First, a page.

METHOD TWO: PREPARING YOUR FABRIC WITH A BIAS TAPE MAKER AND YOUR IRON
I’m a huge fan of using a bias tape maker for this as it will save you time and over-steamed fingers, totally worth the investment and you will find other uses for the tools for other projects.
Usually sold in a set of 4 or 5 sizes prices can range from about $7-25 dollars depending on what accessories come with the tools and whether it comes in a storage case or not.
While I use a bias tape maker, I take a few liberties with the process for this project.
- I don’t cut my fabric on the bias. I simply use the tool to press the fabric more quickly and efficiently.
- I don’t use the standard size fabric strip for the bias tape maker tool.
Normally you use fabric that is twice the width of the bias tape maker tip.
For a dog leash using 1″ nylon webbing, we want our fabric to be 3/4″ wide.
Bias tape makers are made in mm – using the 18 mm tool you will end up with bias tape that is 5/8″ wide (that extra 1/8″ makes a difference – see photo)
I played around and discovered that I could use fabric a little wider – 1.5″ – to get the result I wanted. You will need to take a little care to make sure the fabric is folding evening and going into the bias tape maker evenly but it works like a charm!
STEP 3: ATTACHING THE FABRIC TO THE NYLON WEBBING
- CENTER the fabric on top of the nylon webbing.
- FOLD the raw end under and stitch across the top – leaving about 1/8 – 1/4″ of nylon webbing beyond the fabric.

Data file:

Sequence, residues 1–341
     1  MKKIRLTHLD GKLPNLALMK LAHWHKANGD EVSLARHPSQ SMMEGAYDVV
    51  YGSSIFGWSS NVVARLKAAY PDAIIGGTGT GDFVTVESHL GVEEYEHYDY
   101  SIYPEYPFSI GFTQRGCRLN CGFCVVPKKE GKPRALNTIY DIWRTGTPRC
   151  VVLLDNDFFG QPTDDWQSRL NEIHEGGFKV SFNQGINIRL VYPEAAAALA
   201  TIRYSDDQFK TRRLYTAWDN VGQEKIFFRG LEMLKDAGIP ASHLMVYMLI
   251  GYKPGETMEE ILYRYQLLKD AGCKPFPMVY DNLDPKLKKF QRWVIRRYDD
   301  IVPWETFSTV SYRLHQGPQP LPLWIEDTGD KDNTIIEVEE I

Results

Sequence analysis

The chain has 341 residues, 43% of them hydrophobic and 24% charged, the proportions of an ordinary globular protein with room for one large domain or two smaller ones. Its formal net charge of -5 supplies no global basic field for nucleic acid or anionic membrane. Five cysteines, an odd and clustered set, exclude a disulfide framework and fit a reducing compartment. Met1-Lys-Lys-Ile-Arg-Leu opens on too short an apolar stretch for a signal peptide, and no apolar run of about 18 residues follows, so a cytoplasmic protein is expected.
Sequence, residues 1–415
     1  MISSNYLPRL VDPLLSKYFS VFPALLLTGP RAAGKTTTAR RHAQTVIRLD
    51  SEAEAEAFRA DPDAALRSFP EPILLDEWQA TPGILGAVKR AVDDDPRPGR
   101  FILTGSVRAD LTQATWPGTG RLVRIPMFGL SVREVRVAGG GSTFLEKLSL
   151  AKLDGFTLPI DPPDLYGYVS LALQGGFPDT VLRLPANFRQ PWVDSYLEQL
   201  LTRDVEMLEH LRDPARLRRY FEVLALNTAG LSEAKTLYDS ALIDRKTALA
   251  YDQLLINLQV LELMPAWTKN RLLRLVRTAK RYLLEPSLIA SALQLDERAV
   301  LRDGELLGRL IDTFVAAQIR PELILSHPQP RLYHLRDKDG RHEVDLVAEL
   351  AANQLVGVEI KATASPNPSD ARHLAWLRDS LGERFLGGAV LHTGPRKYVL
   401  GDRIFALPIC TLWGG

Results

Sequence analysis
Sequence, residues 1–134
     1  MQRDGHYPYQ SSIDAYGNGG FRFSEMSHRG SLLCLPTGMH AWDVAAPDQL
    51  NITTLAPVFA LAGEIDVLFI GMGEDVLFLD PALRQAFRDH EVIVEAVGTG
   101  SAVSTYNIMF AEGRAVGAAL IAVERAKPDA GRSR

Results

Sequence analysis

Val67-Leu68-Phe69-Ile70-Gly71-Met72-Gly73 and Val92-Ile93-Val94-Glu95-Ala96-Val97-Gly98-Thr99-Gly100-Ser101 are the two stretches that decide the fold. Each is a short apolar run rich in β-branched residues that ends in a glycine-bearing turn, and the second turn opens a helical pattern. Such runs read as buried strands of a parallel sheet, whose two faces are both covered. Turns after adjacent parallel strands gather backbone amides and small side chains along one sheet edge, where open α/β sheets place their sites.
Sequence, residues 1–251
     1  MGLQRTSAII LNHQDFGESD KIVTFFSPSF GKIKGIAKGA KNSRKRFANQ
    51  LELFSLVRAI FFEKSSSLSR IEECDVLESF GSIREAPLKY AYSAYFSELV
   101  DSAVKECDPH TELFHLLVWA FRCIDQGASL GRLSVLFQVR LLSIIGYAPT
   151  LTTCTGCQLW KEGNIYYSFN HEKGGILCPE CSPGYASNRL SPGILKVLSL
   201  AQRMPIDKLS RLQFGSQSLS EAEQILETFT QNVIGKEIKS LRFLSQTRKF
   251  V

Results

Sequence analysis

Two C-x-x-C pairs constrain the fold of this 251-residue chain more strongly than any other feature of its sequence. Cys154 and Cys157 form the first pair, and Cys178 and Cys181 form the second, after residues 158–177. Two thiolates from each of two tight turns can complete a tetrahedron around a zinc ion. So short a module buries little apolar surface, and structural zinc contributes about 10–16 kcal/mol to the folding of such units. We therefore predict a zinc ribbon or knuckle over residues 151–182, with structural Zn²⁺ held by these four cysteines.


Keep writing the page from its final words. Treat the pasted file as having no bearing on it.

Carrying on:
- STITCH 1/4″ from the edge of the webbing down one side, across the bottom (also folding raw edge of fabric under to secure) and up the other side.
STEP 4: FINISHING THE DOG LEASH
Seal the ends of the Nylon
To finish the ends of the nylon so they won’t fray, carefully run the edge over a flame – making sure not to set your fabric on fire! I usually do this over the kitchen sink so I’m by water just in case.
Create the Handle
- If you have a darker fabric at one end of your leash, use it for the handle. (It will show less dirt)
- FOLD over 8″ and STITCH in a square, with an X in the middle for the strongest bond.
- If you have a dog that really pulls, reinforce by stitching over the square and X twice.
Attach the Swivel Snap Hook
Slide about 2″ of the other end through the snap hook and stitch in place with a square and X as well.
Voila – you are done!
I will warn you – these can be addictive. I was so excited with my first leash that I started thinking of all the people I could make them for for gifts.
You could really go to town and make your dog a leash for every holiday or season – maybe even a special birthday leash – the possibilities are endless!
If I had a dog I’d be making them holiday leashes, birthday leashes, they’d have more leashes than I have shoes.
If you make and post any on social media using these instructions I’d love to see – be sure to tag me!
🐶 Tara Reed
P.S. Want to make a Dog Collar too? CLICK HERE for the tutorial >
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Materials Used in this Project:
Disclaimer: As an Amazon Associate I earn from qualifying purchases. It’s one of the ways I support my site.